TAIPEI (Taiwan News) – New Power Party legislator Huang Kuo-chang (黃國昌) of Taiwan accused the legislature of dereliction of duty and called for an end to corruption and an “exploitative economy” inflicted upon the island by venal politicians.
Huang, one of the lead figures of the Sunflower Student Movement, which was organized by students and civil groups in 2014, lashed out against malpractice and malfeasance in the political sphere in a speech at the Taipei International Convention Center on Sunday (July 28).
Citing the Roo Hsing (如興紡織) scandal as an example, Huang lambasted the government for “helping channel the hard-earned money of Taiwanese taxpayers to China.” Chairman Chen Shih-hsiu (陳仕修) of the largest jeans-processing firm of Taiwan, which received an investment of a staggering NT$150 million from the National Development Fund for the acquisition of J.D. United Holdings (玖地) of China, is now under investigation for alleged violations of the Securities and Exchange Act in a scandal that involves “Chinese infiltration into a Taiwanese business.”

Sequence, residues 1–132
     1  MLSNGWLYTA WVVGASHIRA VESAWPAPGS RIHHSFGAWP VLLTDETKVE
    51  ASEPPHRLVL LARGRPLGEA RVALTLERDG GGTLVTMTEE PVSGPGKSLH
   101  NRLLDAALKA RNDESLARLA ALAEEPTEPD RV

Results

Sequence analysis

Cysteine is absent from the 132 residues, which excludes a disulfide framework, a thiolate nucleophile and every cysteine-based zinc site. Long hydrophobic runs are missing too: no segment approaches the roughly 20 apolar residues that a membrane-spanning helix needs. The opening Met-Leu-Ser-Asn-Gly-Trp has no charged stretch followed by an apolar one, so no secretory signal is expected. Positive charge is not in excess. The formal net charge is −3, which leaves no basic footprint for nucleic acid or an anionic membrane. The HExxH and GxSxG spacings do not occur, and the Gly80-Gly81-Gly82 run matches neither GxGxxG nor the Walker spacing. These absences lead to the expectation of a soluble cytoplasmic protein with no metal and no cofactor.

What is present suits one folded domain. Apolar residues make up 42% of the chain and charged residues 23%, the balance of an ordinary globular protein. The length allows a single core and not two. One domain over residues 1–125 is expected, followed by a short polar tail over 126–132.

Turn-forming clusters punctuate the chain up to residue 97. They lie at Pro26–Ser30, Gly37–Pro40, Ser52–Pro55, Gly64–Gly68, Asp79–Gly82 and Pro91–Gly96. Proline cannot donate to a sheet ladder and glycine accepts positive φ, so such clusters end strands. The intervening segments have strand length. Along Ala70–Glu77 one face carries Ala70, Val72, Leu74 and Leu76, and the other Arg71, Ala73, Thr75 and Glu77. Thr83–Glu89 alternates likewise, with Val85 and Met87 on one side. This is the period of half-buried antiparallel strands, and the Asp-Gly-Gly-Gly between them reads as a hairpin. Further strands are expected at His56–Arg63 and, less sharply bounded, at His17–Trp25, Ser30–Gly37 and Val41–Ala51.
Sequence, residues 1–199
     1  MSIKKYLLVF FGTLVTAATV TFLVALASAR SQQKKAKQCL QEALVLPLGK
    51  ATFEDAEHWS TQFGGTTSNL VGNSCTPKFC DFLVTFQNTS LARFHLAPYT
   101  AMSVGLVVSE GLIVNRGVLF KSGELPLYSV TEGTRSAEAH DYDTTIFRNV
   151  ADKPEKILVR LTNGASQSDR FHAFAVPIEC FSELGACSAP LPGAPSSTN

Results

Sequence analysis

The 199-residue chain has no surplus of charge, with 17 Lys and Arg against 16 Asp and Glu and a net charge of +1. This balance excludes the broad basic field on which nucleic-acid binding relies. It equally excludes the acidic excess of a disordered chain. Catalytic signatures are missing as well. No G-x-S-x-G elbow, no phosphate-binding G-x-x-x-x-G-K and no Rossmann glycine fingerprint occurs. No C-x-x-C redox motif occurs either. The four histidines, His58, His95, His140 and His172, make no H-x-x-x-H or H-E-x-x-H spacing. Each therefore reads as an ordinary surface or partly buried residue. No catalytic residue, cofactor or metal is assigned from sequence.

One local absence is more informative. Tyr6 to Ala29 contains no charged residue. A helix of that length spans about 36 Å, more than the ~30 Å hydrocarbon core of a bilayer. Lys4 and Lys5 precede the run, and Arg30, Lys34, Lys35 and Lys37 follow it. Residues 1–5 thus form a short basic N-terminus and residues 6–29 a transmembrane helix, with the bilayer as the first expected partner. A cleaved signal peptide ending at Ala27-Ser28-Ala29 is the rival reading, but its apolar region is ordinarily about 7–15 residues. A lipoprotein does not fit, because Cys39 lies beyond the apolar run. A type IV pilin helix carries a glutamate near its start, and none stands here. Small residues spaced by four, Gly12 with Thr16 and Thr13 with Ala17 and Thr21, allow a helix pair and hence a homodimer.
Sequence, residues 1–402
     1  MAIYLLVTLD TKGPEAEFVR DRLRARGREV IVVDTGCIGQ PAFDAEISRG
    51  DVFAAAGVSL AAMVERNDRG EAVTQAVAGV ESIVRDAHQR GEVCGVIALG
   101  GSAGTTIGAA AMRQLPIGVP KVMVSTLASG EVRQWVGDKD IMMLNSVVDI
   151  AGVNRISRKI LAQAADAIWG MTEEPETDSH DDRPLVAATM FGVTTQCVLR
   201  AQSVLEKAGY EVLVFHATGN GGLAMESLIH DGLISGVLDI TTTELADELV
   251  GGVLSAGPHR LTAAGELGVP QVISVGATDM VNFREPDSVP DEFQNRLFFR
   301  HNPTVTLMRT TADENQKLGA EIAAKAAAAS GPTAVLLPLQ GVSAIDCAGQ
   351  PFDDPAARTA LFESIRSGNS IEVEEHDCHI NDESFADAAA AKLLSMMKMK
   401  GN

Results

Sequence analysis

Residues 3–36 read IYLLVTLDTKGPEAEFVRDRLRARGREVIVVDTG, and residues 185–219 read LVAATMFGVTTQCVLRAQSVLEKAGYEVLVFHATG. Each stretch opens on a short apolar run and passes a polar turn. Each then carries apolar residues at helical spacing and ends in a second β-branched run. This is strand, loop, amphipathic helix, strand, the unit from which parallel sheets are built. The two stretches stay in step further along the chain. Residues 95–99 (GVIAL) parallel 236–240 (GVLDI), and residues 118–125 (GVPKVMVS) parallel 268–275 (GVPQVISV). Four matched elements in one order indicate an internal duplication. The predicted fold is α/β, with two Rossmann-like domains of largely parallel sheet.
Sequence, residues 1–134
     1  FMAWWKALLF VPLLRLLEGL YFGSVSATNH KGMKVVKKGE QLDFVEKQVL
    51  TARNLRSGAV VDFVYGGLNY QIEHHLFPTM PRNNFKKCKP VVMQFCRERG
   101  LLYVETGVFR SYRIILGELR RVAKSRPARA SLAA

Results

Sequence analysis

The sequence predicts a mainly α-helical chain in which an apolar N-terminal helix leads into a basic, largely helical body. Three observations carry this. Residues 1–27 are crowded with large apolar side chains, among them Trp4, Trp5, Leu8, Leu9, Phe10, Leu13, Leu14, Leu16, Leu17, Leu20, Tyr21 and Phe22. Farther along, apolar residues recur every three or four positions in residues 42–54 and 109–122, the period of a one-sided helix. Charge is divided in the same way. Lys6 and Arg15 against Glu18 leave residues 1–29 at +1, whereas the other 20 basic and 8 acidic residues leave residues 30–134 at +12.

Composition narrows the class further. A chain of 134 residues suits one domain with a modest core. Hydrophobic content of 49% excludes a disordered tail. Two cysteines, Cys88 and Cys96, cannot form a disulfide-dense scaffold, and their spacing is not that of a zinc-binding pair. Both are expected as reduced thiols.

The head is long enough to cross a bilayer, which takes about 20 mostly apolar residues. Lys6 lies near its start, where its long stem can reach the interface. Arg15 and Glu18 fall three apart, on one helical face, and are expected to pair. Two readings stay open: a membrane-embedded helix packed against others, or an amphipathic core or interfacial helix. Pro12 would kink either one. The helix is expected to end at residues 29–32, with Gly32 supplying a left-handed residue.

Huang expressed his disbelief that an investigation committee commissioned by the National Development Council to look into the case included members of Chen’s family. He asked incredulously, “How can this happen? How am I going to protect the whistle-blowers?”
Huang also slammed the Health Promotion Administration for oversight that has led to a public smoking cessation center—which oversees programs to help people quit smoking and audits expense reimbursements-- riddled with graft, corruption, and misuse of funds from the tobacco surcharge.
Neglect of duty and corruption are rampant in the political arena, from the central to the local governments, Huang argued. Misconduct across the political spectrum has amounted to a plutocracy that hinders economic development and, if not checked, would continue to “exploit future generations,” he warned.
The legislator also urged sensible politicians to work together, pressing ahead with legislative reform that models the congressional hearing system of certain countries. The introduction of such a mechanism, he believes, would be conducive to more sound legislative policymaking and regulatory enforcement.